The problem that caused WOW Internet service disruptions on Saturday and Sunday has been identified and repaired, a spokesman for the company said.
Josh Hadden-Leggett, WOW corporate communications manager, said service to customers in the Lawrence area was disrupted Sunday starting about 2 p.m. The severed line that caused the outage was repaired by about 8:30 p.m. Some customers saw service restored at that time, but others were brought back online throughout the evening until 11 p.m. as WOW systems were being reconfigured, he said.
Sunday’s outage followed a more than four-hour service disruption on Saturday.
The severed cable was a data line, so service disruption was limited to the internet and voice mail, Hadden-Leggett said. It did not disrupt regular phone lines or cable television.
WOW is offering refunds for the time customers were without service, Hadden-Leggett said.
The problems were traced to the cable line of Level 3 Communications, one of the companies WOW contracts to bring service to Lawrence, Hadden-Leggett said. Water and ice infiltrated the conduit that encloses the cable at a bridge, severing the fiber line inside, he said. A repair crew thought it addressed the issue Saturday, but the same problem happened again Sunday at the same place, he said.
The outage inconvenienced residents and businesses throughout Lawrence. Valerie Taylor, marketing manager for The Merc, said the store was without internet for about an hour Saturday before its backup service was activated. During that time, the store was unable to process credit or debit cards and could only take cash or checks. That required the store to return a few customers’ intended purchases to shelves, she said.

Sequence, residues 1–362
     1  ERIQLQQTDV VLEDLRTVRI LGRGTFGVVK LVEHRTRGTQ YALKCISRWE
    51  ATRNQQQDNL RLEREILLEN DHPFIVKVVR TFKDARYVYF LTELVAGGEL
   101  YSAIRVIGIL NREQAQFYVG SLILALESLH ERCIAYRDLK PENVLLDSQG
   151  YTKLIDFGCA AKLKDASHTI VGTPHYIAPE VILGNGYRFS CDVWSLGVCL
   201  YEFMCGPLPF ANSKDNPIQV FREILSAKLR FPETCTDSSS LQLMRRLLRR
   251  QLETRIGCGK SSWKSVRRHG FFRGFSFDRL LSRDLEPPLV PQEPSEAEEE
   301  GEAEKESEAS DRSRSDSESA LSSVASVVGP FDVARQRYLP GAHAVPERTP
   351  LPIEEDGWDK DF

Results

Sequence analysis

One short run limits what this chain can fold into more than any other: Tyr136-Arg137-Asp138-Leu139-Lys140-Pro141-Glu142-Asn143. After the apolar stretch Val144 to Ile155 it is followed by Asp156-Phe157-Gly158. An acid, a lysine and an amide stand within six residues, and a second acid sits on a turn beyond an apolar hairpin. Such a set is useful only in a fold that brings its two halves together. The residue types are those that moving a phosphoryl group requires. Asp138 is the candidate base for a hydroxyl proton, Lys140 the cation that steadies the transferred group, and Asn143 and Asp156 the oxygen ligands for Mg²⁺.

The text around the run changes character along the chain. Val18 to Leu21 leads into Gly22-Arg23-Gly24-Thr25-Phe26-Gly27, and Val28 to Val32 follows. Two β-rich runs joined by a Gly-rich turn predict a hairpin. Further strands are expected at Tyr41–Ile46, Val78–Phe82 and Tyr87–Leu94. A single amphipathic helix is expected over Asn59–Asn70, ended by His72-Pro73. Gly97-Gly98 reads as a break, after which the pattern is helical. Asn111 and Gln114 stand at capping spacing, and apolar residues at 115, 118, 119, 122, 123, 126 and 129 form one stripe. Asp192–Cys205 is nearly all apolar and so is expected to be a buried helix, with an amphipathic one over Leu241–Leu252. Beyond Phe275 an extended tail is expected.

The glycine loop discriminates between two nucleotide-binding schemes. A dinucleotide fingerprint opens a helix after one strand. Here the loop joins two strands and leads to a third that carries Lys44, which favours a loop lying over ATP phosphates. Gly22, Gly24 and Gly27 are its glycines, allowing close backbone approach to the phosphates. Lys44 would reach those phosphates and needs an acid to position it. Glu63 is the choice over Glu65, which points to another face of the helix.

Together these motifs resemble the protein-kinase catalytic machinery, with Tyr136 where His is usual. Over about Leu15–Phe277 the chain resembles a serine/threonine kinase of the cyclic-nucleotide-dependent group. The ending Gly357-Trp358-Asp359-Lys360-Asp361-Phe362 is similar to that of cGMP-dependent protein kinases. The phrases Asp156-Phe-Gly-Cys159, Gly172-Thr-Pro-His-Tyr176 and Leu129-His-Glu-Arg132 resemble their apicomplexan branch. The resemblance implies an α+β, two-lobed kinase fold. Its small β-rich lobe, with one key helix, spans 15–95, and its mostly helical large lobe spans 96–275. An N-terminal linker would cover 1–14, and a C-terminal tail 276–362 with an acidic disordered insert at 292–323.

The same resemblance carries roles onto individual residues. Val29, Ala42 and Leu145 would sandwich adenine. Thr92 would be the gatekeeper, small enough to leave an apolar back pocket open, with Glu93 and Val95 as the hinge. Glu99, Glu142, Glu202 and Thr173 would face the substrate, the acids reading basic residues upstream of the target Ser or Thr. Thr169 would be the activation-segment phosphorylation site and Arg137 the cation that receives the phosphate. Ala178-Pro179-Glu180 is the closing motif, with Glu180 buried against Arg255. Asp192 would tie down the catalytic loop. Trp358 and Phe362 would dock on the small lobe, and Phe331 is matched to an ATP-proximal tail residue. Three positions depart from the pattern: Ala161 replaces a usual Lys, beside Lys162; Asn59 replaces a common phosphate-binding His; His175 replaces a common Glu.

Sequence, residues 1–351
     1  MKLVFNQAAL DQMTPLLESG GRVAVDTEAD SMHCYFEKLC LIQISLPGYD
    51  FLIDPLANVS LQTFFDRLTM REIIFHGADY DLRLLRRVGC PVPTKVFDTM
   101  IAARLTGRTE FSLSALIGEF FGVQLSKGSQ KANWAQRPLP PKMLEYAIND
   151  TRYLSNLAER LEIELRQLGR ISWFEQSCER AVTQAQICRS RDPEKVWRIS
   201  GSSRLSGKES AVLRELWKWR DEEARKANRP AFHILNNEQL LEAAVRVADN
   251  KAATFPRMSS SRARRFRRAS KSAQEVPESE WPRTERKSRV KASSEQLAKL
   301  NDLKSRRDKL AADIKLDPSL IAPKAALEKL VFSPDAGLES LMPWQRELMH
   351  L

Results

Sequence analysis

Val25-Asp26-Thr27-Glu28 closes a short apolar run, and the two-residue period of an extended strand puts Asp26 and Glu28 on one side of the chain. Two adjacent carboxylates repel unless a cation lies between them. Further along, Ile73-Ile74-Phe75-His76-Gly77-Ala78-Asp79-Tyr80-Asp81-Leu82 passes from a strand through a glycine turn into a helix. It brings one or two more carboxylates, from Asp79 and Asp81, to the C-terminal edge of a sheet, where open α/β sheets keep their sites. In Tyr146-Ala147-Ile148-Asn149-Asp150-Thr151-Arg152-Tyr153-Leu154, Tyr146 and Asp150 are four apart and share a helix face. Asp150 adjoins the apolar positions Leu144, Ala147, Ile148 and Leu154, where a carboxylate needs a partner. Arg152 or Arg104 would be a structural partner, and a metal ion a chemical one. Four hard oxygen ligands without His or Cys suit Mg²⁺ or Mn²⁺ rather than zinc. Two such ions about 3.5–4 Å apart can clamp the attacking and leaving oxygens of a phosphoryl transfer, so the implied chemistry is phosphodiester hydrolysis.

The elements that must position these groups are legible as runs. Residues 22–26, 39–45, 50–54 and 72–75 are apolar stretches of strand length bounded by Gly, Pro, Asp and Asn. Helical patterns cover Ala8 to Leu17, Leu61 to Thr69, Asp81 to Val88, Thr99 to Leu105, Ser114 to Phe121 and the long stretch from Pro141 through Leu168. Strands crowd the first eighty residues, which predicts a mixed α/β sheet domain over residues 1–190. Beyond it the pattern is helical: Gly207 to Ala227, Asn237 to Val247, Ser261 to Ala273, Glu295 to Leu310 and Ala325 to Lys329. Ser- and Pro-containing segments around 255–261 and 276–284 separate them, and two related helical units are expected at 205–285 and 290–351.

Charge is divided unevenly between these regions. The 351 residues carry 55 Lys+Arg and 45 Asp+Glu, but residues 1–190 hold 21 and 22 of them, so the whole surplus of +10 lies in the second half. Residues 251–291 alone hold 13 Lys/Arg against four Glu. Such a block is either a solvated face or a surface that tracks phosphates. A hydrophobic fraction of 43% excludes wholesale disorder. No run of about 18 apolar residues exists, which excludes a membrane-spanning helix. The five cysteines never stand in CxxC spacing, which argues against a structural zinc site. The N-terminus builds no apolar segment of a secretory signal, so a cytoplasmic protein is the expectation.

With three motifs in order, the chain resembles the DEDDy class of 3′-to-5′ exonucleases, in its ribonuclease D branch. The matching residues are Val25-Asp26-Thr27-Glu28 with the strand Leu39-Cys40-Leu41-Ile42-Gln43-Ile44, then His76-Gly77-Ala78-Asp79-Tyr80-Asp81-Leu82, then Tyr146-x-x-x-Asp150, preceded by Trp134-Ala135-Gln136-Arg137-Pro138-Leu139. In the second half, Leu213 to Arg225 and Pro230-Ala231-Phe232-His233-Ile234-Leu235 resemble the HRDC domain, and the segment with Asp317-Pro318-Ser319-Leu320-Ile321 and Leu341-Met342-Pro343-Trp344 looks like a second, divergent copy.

The store was able to quickly switch to its backup provider Sunday, Taylor said.
Retailers without backup arrangements weren’t so fortunate. Sarah Soderling, general manger of Limestone Pizza on Massachusetts Street, said the store wrote out charge slips Saturday for customers paying with debit or credit cards. It was a workable system, but many customers, especially younger ones, were inexperienced with it, she said.
“Customers didn’t understand the process of giving card information on a piece of paper,” she said. “Some were uncomfortable about sharing card information, as they should be.”
Limestone went through 100 charge slips on Saturday and ran out of the slips when the internet went down Sunday, Soderling said. With that, she made the decision to close the restaurant at 5:30 p.m. instead of its traditional 8 p.m. closing time.
The outage might not have cost Limestone business, but it slowed the rate of business, Soderling said. The inconvenience continued for Limestone when employees entered slips manually for processing, she said. The processor also adds a fee for all manually entered card charges, she said.